Knishes at the Quad Tonight!
As part of the Manhattan Film Festival, “If These Knishes Could Talk: The Story of the New York Accent,” will be showing at Quad Cinema June 21st!
“Knishes” is a documentary about the New York accent – what it is, how it fits with a New Yorker’s identity, and if it’s disappearing as New York changes. It stars Penny Marshall, Alan Dershowitz, Charles Rangel, and a cast of characters from Pelham Bay to Tottenville. It also features the accent in sign language and on Twitter. Go know!
Film-maker Heather Quinlan’s relentless investigation of the subject covers every conceivable base: from experts like linguists, historians and speech pathologists…to nitty gritty New Yorkers from all walks of life and every imaginable ethnicity…to well known native New York celebrities like Penny Marshall, Pete Hamill, Alan Dershowitz, Charlie Rangel, Amy Heckerling, and James McBride.
As you can imagine, the common denominator amongst all this diversity is New York attitude, toughness, bluntness and humor. The title (which I’ve never been crazy about) makes more sense when you learn its source in the movie. Alan Dershowitz says, “If knishes could talk they would have a Brooklyn accent.” We learn that African American Charlie Rangel talks the way he talks because he grew up in a Jewish neighborhood. A kitchen full of Italians kibbitzes around a table — one of them says, “Hey! If you don’t like the way I talk, fuck you!” (There’s your pull quote for the poster). We meet such interesting people. Two garbagemen: a Korean from Staten Island, and an Irishman from the Rockaways who is studying Gaelic on a Fullbright. And our own Michele Carlo carries the agua for the Puerto Ricans. Quinlan even takes us down to New Orleans to meet two guys who have a remarkably similar accent to the New Yorkers — similar history, same ethnic groups merging.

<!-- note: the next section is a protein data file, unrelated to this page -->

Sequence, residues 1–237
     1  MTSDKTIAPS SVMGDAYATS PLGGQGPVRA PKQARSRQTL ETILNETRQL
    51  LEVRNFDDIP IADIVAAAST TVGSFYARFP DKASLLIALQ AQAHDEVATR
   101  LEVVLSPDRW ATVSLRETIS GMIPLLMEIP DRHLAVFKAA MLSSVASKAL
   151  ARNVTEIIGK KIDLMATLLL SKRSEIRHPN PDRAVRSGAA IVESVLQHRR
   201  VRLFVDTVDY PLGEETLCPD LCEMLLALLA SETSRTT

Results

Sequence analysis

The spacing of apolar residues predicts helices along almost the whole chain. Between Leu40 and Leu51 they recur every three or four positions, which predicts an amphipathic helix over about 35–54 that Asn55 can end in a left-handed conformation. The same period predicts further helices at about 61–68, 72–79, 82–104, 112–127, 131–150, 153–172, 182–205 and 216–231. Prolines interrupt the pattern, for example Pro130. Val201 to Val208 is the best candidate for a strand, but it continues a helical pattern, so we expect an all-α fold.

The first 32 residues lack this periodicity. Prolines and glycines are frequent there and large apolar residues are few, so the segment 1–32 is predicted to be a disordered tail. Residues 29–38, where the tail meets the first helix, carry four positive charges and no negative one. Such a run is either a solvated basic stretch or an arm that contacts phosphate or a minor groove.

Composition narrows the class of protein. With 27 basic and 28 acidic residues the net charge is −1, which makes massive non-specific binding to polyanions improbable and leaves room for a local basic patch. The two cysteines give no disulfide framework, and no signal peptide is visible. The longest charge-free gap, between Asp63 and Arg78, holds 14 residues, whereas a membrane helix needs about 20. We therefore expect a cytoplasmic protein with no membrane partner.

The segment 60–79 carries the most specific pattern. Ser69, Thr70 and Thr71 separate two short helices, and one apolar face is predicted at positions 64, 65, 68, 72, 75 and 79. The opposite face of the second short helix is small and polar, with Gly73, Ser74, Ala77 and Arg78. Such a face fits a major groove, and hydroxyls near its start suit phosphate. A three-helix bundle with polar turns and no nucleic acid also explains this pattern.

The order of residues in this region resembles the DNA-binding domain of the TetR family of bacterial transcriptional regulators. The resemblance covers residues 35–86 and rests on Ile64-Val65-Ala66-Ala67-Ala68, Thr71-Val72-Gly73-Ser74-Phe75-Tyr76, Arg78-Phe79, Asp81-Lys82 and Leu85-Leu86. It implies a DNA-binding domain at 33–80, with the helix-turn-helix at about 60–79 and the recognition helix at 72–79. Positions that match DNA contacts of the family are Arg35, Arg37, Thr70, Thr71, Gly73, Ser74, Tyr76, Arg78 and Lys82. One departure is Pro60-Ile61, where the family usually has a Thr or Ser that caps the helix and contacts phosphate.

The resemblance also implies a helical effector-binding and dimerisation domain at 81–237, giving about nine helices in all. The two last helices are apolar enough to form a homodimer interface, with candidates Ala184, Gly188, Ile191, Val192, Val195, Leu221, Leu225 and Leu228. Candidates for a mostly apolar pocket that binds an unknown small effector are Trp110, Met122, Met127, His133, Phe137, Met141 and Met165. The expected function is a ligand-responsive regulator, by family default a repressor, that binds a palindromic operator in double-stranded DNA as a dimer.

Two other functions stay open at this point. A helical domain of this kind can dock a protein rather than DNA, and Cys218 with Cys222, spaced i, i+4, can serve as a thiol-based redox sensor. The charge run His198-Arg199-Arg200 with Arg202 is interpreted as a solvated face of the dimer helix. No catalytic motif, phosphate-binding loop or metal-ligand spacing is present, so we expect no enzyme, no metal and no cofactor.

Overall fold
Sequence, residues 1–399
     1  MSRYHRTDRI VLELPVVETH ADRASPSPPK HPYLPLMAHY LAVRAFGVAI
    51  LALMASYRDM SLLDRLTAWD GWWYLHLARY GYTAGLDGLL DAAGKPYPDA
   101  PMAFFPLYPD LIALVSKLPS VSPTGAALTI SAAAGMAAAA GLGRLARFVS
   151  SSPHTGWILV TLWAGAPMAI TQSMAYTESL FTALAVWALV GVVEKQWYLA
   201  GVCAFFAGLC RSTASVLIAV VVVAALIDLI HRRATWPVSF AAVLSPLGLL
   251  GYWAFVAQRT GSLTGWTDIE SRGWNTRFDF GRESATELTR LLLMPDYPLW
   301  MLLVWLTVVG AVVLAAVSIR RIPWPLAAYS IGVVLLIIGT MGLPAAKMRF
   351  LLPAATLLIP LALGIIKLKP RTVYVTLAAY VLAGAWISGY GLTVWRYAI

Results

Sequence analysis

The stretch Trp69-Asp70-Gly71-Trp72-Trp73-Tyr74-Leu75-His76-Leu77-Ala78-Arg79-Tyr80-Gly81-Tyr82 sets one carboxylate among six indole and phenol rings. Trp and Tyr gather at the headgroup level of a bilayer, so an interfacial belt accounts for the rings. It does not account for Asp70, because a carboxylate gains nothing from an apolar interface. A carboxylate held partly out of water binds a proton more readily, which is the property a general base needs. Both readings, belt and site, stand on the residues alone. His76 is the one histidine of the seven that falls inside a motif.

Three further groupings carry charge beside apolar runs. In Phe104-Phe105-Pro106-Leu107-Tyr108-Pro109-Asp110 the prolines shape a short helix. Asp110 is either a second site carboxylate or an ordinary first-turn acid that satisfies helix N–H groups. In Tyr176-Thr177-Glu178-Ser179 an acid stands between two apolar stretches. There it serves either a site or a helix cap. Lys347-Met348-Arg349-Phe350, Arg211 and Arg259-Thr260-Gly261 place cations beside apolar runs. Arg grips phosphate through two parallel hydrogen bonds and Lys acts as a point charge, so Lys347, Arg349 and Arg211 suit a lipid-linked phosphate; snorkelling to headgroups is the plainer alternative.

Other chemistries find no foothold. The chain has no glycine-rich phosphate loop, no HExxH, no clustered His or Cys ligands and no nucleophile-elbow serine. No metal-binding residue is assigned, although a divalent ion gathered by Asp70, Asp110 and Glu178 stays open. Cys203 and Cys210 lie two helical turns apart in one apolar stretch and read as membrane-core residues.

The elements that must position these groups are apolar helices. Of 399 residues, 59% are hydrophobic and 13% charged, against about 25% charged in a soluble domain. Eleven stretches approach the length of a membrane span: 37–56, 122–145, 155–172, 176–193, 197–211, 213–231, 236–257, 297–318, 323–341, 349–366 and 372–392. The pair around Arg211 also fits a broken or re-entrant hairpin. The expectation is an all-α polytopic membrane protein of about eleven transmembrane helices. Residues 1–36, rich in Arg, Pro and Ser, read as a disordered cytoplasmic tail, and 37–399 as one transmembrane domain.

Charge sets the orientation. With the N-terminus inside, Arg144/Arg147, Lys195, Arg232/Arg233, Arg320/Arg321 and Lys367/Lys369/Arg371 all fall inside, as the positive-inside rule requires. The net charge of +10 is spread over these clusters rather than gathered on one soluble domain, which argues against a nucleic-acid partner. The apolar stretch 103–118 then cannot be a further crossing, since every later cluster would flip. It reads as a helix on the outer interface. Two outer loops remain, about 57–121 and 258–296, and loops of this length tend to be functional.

And in the last act, she gives us the changing city as it is today: gentrification, with the poor and working class being pushed out, and the extreme likelihood that the accent will be gone in a couple of generations. As in her previous short O Brooklyn, My Brooklyn, one walks away with reverence for Quinlan’s wicked sense of humor, but the OVER-RIDING takeaway is her immense love for this city and its people. She is an artist of the first water. Her poetic populism appeals to the sentimental vaudevillian in me, and frankly make me bawl with happiness, which is why I sat in the back row. It resonated big time with the audience last night, and it’s already got her massive attention from NY-1, NPR, New York Times, Wall Street Journal etc etc. I envision the city’s Dept of Tourism screening this and selling the DVDs in Times Square. I really don’t think I’m getting carried away.
Tickets can be bought here:
And more information about the film is here: